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This is a problem from Introduction to Topology: Pure and Applied by Colin Adams and Robert Franzosa.

Problem

"Prove that a bijection $f:X→Y$ is a homeomorphism if and only if $f$ and $f^{-1}$ map closed sets to closed sets."

Definition

"We can paraphrase the definition of homeomorphism by saying that $f$ is a homeomorphism if it is a bijection on points and a bijection on the collections of open sets making up the topologies involved. Every point in $X$ is matched to a unique point in $Y$, with no points in $Y$ left over. At the same time, every open set in $X$ is matched to a unique open set in $Y$, with no open sets in $Y$ left over."

Thoughts

Let $f:X→Y$ be a bijection.

Suppose $f^{-1}$ does not map the closed $C'$ to a closed set C. Then $f^{-1}$ does not map the open set $Y-C'$ to an open set $X-C$. Then $f:X→Y$ is not a homeomorphism.

Suppose $f$ maps all closed sets $C$ to all closed sets $C'$, and $f^{-1}$ maps all closed sets $C'$ to all closed sets $C$. Then $f$ maps all open sets $X-C$ to open sets $Y-C'$, and $f^{-1}$ maps all open sets $Y-C'$ to open sets $X-C$. Then $f:X→Y$ is a homeomorphism.

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    $\begingroup$ Is that the real definition of homeomorphism, that you got? Normally a function $f:X\to Y$ is called a homeomorphism if $f$ is a continuous bijection and $f^{-1}$ is continuous. The property that $f$ and $f^{-1}$ map closed sets to closed sets is equivalent to $f$ and $f^{-1}$ beeing continuous. $\endgroup$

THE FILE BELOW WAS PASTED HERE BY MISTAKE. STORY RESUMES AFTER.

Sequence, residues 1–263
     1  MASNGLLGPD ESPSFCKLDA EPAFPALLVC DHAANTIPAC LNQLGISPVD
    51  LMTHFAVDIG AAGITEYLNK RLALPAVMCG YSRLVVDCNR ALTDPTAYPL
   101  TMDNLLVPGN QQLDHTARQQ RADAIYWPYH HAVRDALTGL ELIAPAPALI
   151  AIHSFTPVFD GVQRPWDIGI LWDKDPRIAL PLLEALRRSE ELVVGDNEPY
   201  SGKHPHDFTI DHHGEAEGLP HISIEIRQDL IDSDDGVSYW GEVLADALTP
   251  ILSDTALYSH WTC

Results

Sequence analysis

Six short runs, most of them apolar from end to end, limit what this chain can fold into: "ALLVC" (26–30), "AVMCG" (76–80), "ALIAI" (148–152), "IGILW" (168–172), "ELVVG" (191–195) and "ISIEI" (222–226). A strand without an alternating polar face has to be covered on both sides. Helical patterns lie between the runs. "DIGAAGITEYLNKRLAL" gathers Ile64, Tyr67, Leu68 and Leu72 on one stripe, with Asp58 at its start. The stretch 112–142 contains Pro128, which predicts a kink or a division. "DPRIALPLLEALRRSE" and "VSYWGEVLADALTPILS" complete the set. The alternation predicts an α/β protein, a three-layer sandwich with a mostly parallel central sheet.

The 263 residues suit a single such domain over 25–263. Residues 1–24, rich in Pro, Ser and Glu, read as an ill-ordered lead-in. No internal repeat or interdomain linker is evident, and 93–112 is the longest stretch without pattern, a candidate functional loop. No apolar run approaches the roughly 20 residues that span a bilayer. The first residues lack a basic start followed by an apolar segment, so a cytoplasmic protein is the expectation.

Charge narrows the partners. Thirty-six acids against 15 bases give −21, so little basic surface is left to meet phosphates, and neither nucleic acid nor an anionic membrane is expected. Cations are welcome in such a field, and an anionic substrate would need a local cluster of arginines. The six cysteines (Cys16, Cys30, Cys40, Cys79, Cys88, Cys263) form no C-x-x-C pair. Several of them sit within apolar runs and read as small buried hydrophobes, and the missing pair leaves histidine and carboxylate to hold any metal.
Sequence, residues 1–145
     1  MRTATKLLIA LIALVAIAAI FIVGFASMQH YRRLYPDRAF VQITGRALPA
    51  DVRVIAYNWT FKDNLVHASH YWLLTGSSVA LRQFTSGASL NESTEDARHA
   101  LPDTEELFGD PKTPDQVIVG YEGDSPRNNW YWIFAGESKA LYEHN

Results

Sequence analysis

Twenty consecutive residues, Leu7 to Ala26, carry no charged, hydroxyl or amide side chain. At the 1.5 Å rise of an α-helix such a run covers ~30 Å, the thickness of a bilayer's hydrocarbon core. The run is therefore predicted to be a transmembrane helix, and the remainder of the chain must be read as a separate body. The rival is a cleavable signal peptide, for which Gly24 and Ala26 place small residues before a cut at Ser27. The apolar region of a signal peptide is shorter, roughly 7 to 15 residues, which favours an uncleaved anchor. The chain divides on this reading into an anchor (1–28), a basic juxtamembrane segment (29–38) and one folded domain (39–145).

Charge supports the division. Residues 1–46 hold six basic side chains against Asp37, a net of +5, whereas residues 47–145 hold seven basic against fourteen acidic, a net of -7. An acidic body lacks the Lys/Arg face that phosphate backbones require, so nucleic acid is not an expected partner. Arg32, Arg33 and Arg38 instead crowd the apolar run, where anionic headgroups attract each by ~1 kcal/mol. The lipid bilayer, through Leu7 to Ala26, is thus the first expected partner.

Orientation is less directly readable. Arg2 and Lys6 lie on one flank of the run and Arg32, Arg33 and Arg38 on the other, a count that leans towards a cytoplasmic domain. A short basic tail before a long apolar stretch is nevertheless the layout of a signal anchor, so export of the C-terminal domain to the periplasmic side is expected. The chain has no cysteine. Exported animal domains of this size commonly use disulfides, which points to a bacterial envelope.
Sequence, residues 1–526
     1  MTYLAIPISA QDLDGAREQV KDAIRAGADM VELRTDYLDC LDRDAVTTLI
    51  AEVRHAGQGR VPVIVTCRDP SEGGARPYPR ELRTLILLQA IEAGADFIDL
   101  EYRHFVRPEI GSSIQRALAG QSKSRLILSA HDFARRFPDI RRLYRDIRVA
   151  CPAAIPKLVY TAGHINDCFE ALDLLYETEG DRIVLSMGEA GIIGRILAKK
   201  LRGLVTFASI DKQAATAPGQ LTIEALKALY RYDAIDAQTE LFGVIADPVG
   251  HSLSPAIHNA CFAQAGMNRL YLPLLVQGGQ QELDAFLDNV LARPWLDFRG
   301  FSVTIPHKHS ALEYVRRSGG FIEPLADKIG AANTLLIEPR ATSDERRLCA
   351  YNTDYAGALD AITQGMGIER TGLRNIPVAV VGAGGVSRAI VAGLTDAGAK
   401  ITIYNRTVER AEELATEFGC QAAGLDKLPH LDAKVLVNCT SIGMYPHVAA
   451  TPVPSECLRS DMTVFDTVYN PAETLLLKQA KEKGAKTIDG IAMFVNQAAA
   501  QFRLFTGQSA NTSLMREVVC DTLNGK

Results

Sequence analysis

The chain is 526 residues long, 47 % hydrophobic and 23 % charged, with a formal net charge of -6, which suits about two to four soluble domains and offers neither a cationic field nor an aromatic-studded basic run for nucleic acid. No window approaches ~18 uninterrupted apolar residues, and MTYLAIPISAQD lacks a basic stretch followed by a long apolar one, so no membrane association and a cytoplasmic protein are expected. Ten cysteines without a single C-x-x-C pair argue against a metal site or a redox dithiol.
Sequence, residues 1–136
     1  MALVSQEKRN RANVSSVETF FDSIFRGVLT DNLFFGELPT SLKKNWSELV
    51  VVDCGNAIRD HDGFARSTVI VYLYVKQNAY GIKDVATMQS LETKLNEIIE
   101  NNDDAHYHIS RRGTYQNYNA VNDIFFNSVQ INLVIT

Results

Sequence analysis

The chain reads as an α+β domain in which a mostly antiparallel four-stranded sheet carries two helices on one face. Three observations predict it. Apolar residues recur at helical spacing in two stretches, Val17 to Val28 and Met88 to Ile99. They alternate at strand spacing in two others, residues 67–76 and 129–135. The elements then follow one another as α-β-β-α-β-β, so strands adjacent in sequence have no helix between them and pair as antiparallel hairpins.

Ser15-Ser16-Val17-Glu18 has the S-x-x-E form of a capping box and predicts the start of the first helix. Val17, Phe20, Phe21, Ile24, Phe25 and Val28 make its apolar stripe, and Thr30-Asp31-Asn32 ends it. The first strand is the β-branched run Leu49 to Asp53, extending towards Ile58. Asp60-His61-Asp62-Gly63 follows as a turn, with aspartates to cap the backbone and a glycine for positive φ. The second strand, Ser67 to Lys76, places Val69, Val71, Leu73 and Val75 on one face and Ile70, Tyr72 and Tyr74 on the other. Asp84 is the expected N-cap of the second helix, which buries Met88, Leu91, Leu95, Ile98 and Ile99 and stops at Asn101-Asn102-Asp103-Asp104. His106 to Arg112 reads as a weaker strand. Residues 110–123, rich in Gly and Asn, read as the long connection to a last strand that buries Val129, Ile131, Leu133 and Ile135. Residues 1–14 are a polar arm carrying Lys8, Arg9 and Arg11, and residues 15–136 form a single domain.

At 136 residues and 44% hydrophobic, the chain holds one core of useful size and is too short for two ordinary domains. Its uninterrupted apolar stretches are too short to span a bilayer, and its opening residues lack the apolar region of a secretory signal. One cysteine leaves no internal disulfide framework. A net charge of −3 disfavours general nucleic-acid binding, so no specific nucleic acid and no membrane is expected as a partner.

– Cornman
    Jun 27 '19 at 15:39
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The maps $f$ and $f^{−1}$ are closed iff they are continuous:

Suppose $f$ is a homeomorphism and let $A \subset X$ be a closed set. We get that $f(A) = (f^{-1})^{-1}(A) \subset Y$ is closed since $f^{-1}$ is continuous. Analogously $f^{-1}$ is closed.

Suppose $f$ and $f^{-1}$ are closed, and let $B \subset Y$ be a closed set. Now we have that $f^{-1}(B) \subset X$ is closed as $f^{-1}$ is a closed map. Therefore $f$ is continuous. Analogously $f^{-1}$ is continuous.

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Hint: $f$ is closed iff $f^{-1}$ is continuous.

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